You see, an OTA – sometimes called One-Triggers-the-Other (OTO) – order allows you to set conditions of where you want to buy and stop out.

For example, let’s say you want to buy U.S. Foods (USFD) between $33.78 and $34.15, as shown in the chart earlier.

Now, more specifically… you want to buy at $33.90 (just as it breaks above the first green line).

Well, you can actually enter an OTA – or OTO – order.

So when you enter this order type… you would place a limit order for buying the stock at $33.90… and a stop order for selling your shares in case the stock moves against you.

Let’s say you want to buy 200 shares of USFD at $33.90. Well, your primary order would be a buy order at that price… thereafter, you would set a secondary order (this is where we enter our stop).

Now, remember the red line? Well, you can stop out at say $32.90, just below the red line.

So once your buy order is executed… it would trigger your stop order.

If the stock gets below $32.90… you would sell your shares and take a small loss.

This is how we define our risk from the start… so we don’t get emotional about our trades.

The next important step is setting targets.


Setting Targets


Check out this chart below, we’re going to be using it as an example for profit taking.



Notice how there are 3 horizontal lines above $34.15 (the top range of our buy zone).

Those 3 horizontal lines are profit targets.

Now, if you don’t know… you can actually set orders after the market closes.

For example, let’s say you set alerts for when you get filled on your buy orders…

Well, at that point… you’ll need to set orders to take some profits if the stock moves in your favor.

For example, one of the first profit targets is $34.69.

So let’s say you bought 200 shares at $33.90, using the OTA/OTO order type… so your stop-loss order is already in.

You can actually set a limit order to sell, say 50 shares if it gets to $34.69…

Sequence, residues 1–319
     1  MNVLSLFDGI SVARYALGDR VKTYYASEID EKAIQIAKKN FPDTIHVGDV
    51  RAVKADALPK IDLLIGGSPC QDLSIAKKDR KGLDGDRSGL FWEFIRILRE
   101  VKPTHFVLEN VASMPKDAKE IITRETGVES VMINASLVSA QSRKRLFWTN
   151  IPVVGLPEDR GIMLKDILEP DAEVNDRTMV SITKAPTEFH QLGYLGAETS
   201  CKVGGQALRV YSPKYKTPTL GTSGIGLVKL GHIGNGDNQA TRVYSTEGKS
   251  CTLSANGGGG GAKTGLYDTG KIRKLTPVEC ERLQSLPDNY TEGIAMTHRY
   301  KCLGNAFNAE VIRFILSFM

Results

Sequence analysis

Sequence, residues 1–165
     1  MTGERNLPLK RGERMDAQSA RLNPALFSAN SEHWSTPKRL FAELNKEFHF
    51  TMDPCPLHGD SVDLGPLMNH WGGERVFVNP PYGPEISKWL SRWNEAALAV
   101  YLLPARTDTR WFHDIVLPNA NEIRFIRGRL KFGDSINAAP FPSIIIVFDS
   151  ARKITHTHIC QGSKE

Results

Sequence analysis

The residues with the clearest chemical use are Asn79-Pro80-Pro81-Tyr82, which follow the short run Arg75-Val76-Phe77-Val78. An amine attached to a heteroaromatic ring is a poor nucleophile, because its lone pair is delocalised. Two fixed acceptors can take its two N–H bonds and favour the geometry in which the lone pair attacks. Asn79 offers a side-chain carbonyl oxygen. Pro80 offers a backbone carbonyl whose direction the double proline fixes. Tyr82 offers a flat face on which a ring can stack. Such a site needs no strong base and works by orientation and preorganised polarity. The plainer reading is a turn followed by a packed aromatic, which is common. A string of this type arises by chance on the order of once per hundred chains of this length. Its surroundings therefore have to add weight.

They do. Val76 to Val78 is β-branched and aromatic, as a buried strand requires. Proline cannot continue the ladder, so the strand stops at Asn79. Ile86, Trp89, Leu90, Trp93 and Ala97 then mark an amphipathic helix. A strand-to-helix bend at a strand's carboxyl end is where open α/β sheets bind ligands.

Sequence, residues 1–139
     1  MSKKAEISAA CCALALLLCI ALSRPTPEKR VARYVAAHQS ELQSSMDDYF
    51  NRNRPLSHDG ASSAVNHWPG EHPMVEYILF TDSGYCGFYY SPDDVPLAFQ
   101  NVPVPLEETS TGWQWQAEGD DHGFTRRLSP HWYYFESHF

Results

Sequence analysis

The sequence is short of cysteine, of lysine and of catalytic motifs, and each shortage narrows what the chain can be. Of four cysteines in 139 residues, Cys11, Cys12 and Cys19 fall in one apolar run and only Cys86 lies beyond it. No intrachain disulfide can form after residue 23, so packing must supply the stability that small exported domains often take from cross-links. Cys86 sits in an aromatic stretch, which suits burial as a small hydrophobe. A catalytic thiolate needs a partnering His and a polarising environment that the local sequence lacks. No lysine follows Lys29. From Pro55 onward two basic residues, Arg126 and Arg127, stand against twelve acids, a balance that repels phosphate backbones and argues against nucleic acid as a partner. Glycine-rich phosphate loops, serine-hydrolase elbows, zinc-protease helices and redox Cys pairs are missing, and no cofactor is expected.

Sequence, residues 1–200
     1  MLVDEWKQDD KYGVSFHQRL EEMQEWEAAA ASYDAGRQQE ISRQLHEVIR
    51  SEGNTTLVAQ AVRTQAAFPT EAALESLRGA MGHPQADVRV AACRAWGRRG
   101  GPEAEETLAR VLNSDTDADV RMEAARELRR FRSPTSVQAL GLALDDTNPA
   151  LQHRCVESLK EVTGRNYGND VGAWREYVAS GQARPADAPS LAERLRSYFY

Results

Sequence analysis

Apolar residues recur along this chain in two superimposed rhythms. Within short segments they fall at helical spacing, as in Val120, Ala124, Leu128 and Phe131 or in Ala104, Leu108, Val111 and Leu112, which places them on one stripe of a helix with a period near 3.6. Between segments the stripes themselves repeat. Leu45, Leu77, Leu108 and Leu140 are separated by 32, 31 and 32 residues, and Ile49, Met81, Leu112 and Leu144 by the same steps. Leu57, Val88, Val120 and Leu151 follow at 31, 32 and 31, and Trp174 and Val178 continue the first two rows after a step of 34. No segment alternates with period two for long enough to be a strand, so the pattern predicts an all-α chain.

What happens if the stock gets to that price?

Your limit order would get triggered and you would take profits on 50 shares.

Thereafter, you can move your stop-loss order higher, so you can minimize your losses in case the stock turns against you.

Next, you can place another limit order to sell 75 shares at the next profit target at $35.49… then the rest at $36.40…

Now, each time the stock moves to your favor… you can move your stop up. Let’s say the stock gets to $35.49.

You would take profits on 75 shares at $35.49 and be left with 75 shares at an entry price of $33.90.

Well, you can move your stop up to your entry… or your first profit target ($34.69) just to be prudent and not turn a winner into a loser.

Remember, you can set day orders (which would cancel if they don’t get filled by 4:00 PM EST)… or Good ‘Til Cancelled (GTC) orders which would remain live until they’re filled or you cancel it.

That said, even if you’re a busy professional… there are various ways to execute and manage your positions, without taking up too much of your time… all you have to do is a little bit of planning, and then you can “set it and forget it” (you’ll still have to keep an eye on your positions from time to time).

Now, if you’re interested in receiving watch lists that identify areas to buy a stock… stop out… and take profits – all based on my chart patterns, as well as real-time alerts, click here to get started.